Design for Wellbeing charts the development and application of design research to improve the personal and societal wellbeing and happiness of people. It draws together contributions from internationally leading academics and designers to demonstrate the latest thinking and research on the design of products, technologies, environments, services and experiences for wellbeing.
Part I starts by conceptualising wellbeing and takes an in-depth look at the rise of the design for wellbeing movement. Part II then goes on to demonstrate design for wellbeing in practice through a broad range of domains from products and environments to services. Among others, we see emerging trends in the design of interiors and urban spaces to support wellbeing, designing to enable and support connectedness and social interaction, and designing for behaviour change to tackle unhealthy eating behaviour in children. Significantly, the body of work on subjective wellbeing, design for happiness, is increasing, and several case studies are provided on this, demonstrating how design can contribute to support the wellbeing of people. Part III provides practical guidance for designing for wellbeing through a range of examples of tools, methods and approaches, which are highly user-centric, participatory, critical and speculative. Finally, the book concludes in Part IV with a look at future challenges for design for wellbeing.
This book provides students, researchers and practitioners with a detailed assessment of design for wellbeing, taking a distinctive global approach to design practice and theory in context. Design for Wellbeing concerns designers and organisations but also defines its broader contribution to society, culture and economy.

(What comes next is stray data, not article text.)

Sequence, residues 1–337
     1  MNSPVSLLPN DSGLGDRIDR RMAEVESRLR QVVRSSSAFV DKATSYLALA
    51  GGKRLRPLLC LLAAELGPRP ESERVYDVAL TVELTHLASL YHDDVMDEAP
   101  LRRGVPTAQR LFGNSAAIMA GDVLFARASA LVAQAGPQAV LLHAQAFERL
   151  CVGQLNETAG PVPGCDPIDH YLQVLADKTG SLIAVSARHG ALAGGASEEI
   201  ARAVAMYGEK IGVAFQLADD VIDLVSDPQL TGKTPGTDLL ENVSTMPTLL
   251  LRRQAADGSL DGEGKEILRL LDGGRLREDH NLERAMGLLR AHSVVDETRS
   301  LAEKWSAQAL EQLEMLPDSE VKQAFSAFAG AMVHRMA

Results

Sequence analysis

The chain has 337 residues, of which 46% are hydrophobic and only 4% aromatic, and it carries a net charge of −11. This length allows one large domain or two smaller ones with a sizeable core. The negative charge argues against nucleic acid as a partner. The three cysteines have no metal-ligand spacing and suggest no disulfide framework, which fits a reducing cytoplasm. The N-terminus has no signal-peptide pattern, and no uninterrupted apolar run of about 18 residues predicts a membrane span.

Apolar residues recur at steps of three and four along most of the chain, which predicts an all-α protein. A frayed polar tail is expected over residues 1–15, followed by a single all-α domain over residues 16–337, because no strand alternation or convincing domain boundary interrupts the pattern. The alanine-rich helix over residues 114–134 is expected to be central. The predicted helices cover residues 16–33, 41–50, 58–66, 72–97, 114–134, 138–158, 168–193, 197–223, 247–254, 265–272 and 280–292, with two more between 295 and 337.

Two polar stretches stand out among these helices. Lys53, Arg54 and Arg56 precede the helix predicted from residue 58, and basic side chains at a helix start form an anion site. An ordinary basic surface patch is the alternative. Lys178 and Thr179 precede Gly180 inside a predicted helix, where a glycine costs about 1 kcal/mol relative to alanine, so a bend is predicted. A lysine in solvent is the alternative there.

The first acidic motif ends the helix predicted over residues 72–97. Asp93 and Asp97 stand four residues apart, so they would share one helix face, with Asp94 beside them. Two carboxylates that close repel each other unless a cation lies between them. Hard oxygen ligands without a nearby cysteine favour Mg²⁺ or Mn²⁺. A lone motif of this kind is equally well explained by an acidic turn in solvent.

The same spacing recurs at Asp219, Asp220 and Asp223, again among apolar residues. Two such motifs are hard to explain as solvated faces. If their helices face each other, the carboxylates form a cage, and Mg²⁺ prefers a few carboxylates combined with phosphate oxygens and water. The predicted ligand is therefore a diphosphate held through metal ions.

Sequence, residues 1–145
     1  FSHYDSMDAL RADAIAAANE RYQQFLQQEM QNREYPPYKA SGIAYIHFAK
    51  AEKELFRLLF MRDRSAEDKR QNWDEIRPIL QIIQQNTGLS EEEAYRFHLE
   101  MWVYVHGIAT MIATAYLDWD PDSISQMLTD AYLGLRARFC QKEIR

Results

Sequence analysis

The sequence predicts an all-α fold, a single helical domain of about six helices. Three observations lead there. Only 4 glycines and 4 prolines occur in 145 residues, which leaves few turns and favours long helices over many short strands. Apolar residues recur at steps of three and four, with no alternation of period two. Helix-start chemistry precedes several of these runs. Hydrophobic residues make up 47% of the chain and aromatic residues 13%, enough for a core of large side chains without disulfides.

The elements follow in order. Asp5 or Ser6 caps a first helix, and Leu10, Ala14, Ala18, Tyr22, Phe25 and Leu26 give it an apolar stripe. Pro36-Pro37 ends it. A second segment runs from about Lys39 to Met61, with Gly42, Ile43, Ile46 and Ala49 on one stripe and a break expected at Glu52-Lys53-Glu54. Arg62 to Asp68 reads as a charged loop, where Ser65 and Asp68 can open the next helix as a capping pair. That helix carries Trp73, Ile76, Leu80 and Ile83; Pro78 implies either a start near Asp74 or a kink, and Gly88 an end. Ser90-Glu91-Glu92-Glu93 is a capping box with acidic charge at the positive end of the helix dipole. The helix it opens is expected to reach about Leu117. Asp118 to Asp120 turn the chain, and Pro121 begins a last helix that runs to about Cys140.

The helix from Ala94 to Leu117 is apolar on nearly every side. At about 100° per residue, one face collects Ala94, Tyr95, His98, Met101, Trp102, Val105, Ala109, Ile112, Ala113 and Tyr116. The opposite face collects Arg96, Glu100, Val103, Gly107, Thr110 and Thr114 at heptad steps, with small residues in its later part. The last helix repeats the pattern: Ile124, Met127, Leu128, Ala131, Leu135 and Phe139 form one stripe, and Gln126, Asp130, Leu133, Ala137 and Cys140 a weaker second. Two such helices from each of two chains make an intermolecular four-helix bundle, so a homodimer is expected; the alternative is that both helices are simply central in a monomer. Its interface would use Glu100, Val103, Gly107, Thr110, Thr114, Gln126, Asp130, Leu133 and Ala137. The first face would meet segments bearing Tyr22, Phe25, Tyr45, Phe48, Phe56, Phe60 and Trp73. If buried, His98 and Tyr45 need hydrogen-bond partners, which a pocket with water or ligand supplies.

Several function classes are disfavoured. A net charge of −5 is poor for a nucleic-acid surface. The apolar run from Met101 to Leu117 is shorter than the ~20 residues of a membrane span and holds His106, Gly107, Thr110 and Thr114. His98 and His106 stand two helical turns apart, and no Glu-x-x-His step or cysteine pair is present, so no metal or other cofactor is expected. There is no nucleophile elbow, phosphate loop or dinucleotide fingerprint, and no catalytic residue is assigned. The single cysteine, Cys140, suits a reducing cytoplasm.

About the Contributors, Preface, Rachel Cooper, PART I. The rise of design for wellbeing, Chapter 1 Setting the Scene for Design for Subjective Wellbeing, Ann Petermans and Rebecca Cain, Chapter 2 Wellbeing, Happiness and Flourishing: Different views on a common goal, Ruth Stevens, Ann Petermans, Anna Pohlmeyer, Rebecca Cain and Jan Vanrie, PART II. Domains in design for wellbeing, Chapter 3 Designing for People Living with Dementia, Cathy Treadaway, Chapter 4 Design for Wellbeing in Architecture and Interior Architecture: Educating future designers on ageing well in place, Ann Petermans, Jan Vanrie, Gitte Harzé and Jo Broekx, Chapter 5 Social Connectedness, Social Interaction and the Design of Interior Environments, Tiiu Poldma, Chapter 6 ‘Joyful Journeys’: Putting wellbeing at the centre of future travel, Luke Harmer, Rebecca Cain and Artur Mausbach, Chapter 7 Healthy Eating and Behaviour Change, Geke Ludden and Sander Hermsen, PART III. Tools, methods and approaches for design for wellbeing, Chapter 8 Co-Design and Participatory Methods for Wellbeing, Emmanuel Tsekleves, Chapter 9 Creative Methods for Sustainable Design for Happiness and Wellbeing, Emily Corrigan-Doyle and Carolina Escobar-Tello, Chapter 10 Building Storey/ies: A scenario card game to architecturally design for human flourishing, Ruth Stevens and Pieter M.A. Desmet, Chapter 11 Mind the Gap: A social practice approach to wellbeing-driven design, Holger Klapperich, Matthias Laschke, Marc Hassenzahl, Melanie Becker, Diana Cürlis, Thorsten Frackenpohl, Henning Köhler, Kai Ludwigs, Marius Tippkämper, Chapter 12 Dilemma-thinking as a Means to Enhance Criticality in Design for Wellbeing, Deger Ozkaramanli,PART IV. Future challenges for design for wellbeing, Chapter 13 Mapping Research at the Intersection of Design and Mental Health, Sarah Kettley and Rachel Lucas, Chapter 14 Design for Wellbeing: An applied approach to housing in later life, An-Sofie Smetcoren, Liesbeth De Donder, Dominique Verté, Chapter 15 An International Perspective on Design for Wellbeing, Leandro Tonetto, Conclusion It’s love, my friend! Some reflections on cultivating the Positive Design Plot, Pieter M.A. Desmet, Index